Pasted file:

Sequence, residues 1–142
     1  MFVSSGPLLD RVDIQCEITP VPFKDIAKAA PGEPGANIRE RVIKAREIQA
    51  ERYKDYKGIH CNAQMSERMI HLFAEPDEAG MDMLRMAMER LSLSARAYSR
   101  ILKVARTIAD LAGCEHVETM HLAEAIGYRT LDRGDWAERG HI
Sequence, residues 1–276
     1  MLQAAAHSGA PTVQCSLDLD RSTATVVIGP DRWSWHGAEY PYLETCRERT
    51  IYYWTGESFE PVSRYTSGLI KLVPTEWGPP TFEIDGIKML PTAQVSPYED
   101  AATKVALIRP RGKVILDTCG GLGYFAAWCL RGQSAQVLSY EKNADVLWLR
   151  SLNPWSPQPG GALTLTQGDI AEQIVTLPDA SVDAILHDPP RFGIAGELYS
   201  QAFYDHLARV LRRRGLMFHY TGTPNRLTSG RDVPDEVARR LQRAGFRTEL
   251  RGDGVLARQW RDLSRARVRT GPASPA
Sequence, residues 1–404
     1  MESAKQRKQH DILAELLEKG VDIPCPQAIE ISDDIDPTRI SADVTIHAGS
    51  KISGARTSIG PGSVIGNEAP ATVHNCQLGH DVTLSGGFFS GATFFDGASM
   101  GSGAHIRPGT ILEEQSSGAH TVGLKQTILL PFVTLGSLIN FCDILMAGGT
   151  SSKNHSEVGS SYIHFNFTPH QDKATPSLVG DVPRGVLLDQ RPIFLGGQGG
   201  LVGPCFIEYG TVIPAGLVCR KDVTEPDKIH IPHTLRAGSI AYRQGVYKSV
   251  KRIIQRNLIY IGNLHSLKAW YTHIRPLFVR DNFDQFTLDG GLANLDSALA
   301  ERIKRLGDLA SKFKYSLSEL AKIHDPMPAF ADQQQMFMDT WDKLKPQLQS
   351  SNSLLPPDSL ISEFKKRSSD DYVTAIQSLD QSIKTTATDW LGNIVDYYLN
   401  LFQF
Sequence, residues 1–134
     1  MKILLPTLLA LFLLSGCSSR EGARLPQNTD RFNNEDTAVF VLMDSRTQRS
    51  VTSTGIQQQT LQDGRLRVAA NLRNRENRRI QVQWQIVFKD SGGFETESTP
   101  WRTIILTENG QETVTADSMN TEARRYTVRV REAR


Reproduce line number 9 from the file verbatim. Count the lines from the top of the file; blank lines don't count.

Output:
   151  SLNPWSPQPG GALTLTQGDI AEQIVTLPDA SVDAILHDPP RFGIAGELYS